Thousands In Philly Reading The Same Book This Spring
The city of brotherly love takes literacy very seriously. From Ben Franklin;'s establishment of the nation's first public library to the city's history of supporting literacy for freed African-Americans and runaway slaves. That's why few will find it surprising that the city sponsors a program in which all of the city's 1.6 million inhabitants are encouraged to read the same book.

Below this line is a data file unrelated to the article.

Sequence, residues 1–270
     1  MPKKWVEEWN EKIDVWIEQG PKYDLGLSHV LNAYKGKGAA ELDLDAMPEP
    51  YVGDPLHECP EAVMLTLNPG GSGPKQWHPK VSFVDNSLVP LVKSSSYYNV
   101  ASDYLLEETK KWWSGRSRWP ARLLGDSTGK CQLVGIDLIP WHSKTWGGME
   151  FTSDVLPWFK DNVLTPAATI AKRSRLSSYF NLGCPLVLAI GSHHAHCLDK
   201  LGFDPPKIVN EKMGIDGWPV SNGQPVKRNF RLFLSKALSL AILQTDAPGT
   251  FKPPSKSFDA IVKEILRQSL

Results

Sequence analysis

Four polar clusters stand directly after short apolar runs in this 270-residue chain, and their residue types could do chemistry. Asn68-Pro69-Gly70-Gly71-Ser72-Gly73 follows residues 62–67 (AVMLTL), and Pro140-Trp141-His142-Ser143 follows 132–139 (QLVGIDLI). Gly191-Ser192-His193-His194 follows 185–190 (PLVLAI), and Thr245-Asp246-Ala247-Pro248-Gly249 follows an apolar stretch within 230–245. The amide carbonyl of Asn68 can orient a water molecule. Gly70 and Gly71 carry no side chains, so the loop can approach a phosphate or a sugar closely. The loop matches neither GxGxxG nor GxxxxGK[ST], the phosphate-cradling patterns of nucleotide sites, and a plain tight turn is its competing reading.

This year they will be reading "My Broken Language" by Quiara Alegria Hudes. "In this memoir, Quiara Alegría Hudes was the watchful girl on the stairs while her family danced their defiance in a tight North Philly kitchen. She was awed by her Puerto Rican mother, grandmother, aunts, and cousins, but haunted by the silences, untold stories, and systemic injustices of el barrio. In My Broken Language, her musical memoir of searching for her own voice while coming of age in 1980s and 1990s Philadelphia, Hudes strives to become an artist and tell the stories of her family and community. She finds herself surrounded by many languages, in many forms—written and spoken, English and Spanish, bodies and books, Western art and sacred altars—as she navigates experiences of history, migration, spirituality, and home." reads the One Book One Philadelphia press release.